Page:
Just recently, Yuga Labs, the team behind the world-famous bored nonfungible token (NFT) primates, nabbed someNFTs, a collection of land plots in a soon-to-be metaverse. Indeed, NFTs, the blockchain industry’s primary method of creating digital asset scarcity, have emerged as the preferred way to handle virtual land ownership for most metaverse projects, including Decentraland and The Sandbox. All of this has prompted an interesting question in the community: In the metaverse, a vast, near-endless digital space, how can digital land ever be scarce? Well, let’s dig in.
First and foremost, let’s address the elephant in the room: The metaverse isn’t real. I mean, the Ready Player One-style metaverse, a seamless virtual reality-based rendition of the internet as we know it. So, while you may don your VR helmet for a rave in Decentraland, the device will hardly stay on for your daily dose of Instagram or a news feed surf.
In other words, what we have right now is a growing number of relatively siloed metaverse projects, which offer users an array of project-specific experiences and functions as opposed to the browse-whatever of the larger web. This in itself hints that scarcity is a valid concept to consider in as much as their lands go, even if we consider their value through the same prism as real-world land.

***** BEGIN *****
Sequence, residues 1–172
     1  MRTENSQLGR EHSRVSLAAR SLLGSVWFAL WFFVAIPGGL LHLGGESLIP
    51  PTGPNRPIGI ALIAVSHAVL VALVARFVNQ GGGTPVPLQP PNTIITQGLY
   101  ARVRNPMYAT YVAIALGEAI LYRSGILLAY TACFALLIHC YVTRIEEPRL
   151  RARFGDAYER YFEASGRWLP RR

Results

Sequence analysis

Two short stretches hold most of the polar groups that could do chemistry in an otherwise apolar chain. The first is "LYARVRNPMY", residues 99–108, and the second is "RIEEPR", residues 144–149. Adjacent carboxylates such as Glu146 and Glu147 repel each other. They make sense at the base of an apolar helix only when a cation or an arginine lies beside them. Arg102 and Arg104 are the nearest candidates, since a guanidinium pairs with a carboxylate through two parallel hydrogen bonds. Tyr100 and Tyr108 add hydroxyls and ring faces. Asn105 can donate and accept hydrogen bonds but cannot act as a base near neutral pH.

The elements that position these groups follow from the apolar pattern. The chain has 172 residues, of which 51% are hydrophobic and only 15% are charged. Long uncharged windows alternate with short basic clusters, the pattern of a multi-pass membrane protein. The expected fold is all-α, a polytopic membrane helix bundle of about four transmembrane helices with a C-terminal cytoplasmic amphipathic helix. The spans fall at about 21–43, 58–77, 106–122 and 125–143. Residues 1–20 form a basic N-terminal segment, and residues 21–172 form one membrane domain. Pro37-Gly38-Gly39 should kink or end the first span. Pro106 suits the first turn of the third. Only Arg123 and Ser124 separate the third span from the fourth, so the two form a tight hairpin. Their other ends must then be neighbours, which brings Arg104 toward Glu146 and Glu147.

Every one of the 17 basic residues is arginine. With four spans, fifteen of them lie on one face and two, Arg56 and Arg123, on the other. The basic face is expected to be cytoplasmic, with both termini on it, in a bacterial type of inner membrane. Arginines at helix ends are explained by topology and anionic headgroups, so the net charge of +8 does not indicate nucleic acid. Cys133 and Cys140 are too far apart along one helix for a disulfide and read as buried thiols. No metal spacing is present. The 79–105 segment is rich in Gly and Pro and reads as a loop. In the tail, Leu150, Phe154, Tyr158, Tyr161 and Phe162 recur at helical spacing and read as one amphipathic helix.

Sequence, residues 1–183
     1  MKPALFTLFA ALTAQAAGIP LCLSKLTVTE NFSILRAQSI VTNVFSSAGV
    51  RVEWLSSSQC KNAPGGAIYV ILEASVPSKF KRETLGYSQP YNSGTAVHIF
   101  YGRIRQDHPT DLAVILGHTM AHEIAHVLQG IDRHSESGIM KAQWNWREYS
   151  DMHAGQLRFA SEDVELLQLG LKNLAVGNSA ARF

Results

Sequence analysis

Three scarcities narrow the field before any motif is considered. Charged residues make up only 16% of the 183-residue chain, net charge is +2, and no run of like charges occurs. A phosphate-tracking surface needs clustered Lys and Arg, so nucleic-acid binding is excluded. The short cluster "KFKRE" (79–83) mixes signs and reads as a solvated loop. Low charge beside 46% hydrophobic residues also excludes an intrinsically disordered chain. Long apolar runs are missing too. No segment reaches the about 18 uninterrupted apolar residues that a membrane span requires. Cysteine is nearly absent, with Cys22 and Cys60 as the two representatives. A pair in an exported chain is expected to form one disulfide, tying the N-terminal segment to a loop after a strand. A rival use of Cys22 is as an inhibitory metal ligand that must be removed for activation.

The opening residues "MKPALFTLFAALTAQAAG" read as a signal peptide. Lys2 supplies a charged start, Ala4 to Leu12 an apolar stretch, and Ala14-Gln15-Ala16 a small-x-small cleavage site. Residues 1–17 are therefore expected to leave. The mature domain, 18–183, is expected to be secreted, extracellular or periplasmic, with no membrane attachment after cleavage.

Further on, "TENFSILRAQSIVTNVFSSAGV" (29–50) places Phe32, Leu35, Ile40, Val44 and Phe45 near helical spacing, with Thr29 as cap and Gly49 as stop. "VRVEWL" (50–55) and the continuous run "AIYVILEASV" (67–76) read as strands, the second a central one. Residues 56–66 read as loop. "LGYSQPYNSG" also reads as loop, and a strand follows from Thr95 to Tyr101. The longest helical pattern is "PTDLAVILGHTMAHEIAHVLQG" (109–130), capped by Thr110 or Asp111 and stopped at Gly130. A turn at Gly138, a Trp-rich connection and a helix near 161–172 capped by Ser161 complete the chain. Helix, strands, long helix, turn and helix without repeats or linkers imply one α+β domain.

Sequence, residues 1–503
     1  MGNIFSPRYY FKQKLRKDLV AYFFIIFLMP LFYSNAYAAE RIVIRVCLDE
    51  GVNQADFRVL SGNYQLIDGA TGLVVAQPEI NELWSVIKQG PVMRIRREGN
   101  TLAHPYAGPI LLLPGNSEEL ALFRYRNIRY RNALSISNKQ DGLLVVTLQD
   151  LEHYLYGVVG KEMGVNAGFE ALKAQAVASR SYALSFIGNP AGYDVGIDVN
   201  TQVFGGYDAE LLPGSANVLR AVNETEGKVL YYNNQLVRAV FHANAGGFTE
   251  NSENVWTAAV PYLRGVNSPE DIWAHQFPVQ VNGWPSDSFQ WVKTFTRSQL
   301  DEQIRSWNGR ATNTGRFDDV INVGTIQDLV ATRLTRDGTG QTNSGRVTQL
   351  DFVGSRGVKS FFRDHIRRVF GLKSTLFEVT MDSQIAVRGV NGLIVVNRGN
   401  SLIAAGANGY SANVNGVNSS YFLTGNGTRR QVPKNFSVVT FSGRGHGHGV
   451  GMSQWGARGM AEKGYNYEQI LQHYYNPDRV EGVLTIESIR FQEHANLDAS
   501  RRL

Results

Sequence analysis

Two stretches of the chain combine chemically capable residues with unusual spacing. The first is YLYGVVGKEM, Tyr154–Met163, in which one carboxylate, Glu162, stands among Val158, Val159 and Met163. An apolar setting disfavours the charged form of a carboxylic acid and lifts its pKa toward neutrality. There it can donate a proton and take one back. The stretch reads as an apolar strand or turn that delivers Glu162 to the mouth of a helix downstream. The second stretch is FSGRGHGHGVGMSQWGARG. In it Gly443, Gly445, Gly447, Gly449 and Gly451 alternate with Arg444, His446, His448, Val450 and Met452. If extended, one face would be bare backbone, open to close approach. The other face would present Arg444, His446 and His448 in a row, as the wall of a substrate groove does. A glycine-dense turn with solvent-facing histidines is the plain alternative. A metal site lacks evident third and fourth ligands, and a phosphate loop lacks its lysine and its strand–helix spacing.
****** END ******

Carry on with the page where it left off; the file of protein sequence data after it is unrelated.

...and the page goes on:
The laws of the land
In the real world, the value of a plot of land is a product of a few quite clear-cut variables — i.e., natural resources, from oil or mineral deposits to forestry and renewables, access to infrastructure, urban and logistical centers, and fertile soil. All of this can come into play depending on what you are planning to do with this land. Purpose defines value, but the value is still quantifiable.
Value, for its part, often goes hand in hand with scarcity, and land is no exception. The planet’s total surface area is 510.1 million square km, but more than half of that is under water, which works for oil and gas pipelines and submarine cable lines, but little else. So far, we have modified about 15% of the available land area, and yet, at the end of the day, land is finite. Factor in the value and financial feasibility considerations (an investment has to be worth it), and the pool of land that actually makes sense to acquire goes even slimmer.